Monday, March 09, 2015

Marketing Measurement: Lessons from Physics

How should we measure our efforts?

There is nothing new about the idea of measuring marketing. What is changing however is out ability to do so. Yet, we're not there yet.

Metrology, or the science of measurement, requires three things:
  1. An internationally accepted unit of measure.
  2. How to realize those units in practice, i.e just what is a meter?
  3. Chains of traceability between a measurement and a standard
In the series "The Science of Measurement" Marcus du Sautoy describes the history and approach taken to nail down the seven fundamental things to be measured. (And I paraphrase the physics.)
  • Time - the second used to be a fragment of a celestial cycle and now is 9B+ spins of an atom; we've moved from personal time zones (there were thousands in the US before the transcontinental train) to highly precise coordination. What good would Snapchat be without a common sense of expiry?
  • Distance - starting out as the length of the pharaoh's arm and moving to 1 ten-millionth of the distance between the North Pole and the Equator it is now how far light travels is a very short period of time. Imagine an inaccurate GPS. 
  • Mass - the weight of pure water, at sea level and at freezing point has been the reference point, this is the last measurement to based on an artifact of something else rather than a fundamental law of physics. Media impressions have been often described in "tonnage" to reflect reach and frequency. 
  • Moles - measures how much stuff is involved without worrying about mass or weight. It makes conversions easier to understand and handle. For instance, two parts hydrogen + one part oxygen equals one part water. Gross/Target Rating Points are one way we try to standardize across channels. 
  • Light - possibly the easiest to grasp and yet most peculiar, light is responsible for what we see and is defined in waves. The challenge is that our eye adapts to light creating two types of measurements - energy and "in the eye of beholder." What we observe in marketing is altered by both our observations and our biases. 
  • Heat - is defined by how fast something moves with absolute zero being the absence of movement. Temperature is simply a measure of activity.  Word of mouth and influence would be analogous to positive heat. Poor customer service would be negative due to the friction it creates.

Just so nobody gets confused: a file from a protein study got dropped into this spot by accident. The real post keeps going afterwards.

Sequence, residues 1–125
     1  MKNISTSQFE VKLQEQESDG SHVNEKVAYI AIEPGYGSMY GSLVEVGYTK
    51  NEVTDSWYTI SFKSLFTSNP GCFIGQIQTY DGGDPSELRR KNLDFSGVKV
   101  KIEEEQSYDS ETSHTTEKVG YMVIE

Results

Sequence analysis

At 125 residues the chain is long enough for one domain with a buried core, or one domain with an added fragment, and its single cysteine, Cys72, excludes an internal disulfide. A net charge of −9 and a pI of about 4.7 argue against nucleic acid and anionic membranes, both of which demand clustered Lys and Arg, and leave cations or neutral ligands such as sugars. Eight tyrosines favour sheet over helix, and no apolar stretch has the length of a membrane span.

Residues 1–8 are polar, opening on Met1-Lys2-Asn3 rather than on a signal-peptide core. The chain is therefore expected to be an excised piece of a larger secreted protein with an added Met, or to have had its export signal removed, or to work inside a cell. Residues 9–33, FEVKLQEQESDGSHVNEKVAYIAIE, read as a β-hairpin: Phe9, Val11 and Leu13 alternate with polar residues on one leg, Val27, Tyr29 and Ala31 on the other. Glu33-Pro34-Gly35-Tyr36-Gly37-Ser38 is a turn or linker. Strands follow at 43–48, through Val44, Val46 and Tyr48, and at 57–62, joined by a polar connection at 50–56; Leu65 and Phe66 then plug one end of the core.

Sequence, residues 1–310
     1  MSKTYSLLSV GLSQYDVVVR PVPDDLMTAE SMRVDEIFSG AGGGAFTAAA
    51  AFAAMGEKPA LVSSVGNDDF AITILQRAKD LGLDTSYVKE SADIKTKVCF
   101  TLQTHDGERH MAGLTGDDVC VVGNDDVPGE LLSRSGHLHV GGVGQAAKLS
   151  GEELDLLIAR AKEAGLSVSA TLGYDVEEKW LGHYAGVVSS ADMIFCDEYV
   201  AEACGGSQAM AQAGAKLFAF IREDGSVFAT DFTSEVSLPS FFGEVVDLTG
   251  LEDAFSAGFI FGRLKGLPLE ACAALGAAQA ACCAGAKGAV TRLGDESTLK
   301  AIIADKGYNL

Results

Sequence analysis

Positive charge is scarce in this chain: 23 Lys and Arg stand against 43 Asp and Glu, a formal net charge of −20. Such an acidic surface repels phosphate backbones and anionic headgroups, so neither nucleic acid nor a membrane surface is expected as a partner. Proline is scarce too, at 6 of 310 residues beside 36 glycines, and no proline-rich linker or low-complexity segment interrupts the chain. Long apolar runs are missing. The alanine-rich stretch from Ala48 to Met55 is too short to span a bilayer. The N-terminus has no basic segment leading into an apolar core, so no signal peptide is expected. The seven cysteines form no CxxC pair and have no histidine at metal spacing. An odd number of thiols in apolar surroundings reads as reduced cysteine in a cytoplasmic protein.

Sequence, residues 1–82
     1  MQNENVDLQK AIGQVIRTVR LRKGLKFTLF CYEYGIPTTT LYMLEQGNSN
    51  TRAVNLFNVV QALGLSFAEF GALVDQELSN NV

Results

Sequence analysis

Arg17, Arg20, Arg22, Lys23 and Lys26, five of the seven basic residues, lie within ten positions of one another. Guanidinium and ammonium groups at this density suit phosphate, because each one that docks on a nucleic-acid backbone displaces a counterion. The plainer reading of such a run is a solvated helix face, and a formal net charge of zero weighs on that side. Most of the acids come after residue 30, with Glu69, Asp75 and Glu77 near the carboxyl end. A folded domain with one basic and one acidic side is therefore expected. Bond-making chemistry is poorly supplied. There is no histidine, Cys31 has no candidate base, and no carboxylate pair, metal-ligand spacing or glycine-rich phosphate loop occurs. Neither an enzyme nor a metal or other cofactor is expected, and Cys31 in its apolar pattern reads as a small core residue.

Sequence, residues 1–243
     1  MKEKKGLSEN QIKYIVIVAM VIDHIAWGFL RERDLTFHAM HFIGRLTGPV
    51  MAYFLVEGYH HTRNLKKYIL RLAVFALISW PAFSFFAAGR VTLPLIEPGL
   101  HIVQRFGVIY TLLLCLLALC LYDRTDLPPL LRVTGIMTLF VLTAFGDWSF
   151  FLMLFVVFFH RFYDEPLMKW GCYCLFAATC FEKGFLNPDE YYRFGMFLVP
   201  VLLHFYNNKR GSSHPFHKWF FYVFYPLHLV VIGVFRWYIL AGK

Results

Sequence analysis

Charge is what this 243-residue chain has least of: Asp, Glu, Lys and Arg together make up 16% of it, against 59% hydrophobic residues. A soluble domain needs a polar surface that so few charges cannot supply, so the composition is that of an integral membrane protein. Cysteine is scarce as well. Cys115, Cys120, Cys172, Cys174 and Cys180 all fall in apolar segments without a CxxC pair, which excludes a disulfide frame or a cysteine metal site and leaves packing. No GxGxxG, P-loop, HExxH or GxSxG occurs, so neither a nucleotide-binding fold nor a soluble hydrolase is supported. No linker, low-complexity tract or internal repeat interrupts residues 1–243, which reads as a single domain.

• Electricity - is all about the flow of stuff from one place to another thru time and space (lightning strikes for example). As evidence of the use of fundamentals, heat can be measured by electricity - the oven probe does it with a thermocouple. The customer journey and path-to-purchase deal with the flow of people with lots of insulators, leaky funnels and conductors.
A key point of the series is that with every increase in the precision of measurement comes a leap in technical disruption with new capabilities emerging.

In marketing, Ashu Garg of Foundation Capital recently wrote a nice white paper on the "Decade of the CMO" in which he articulated the seven most important metrics in marketing.
  1. Marketing ROI
  2. Customer Experience
  3. Conversion Rate/New Customers
  4. Overall Sales
  5. Marketing-influenced Sales
  6. Revenue-per Customer
  7. Social Media Metrics
While all good, it would seem we are still in the middle ages of marketing measurement. There are no precise or accepted ways to define many of those metrics on unassailable reference points. Just what is an "experience" or an "influence"?   Even concepts like "sales" can be fuzzy concepts to nail down within one company let alone across companies.

Another takeaway from the series is: figuring this out isn't easy or quick. It often takes standing on the shoulders of giants to make progress so expect this to evolve over time. In the short term, we run the risk of measuring what we can, not what we need. It will take dedication from those who think differently to crack this nut.

Which leaves us with a fundamental question:

What are the building blocks of consumer choice?

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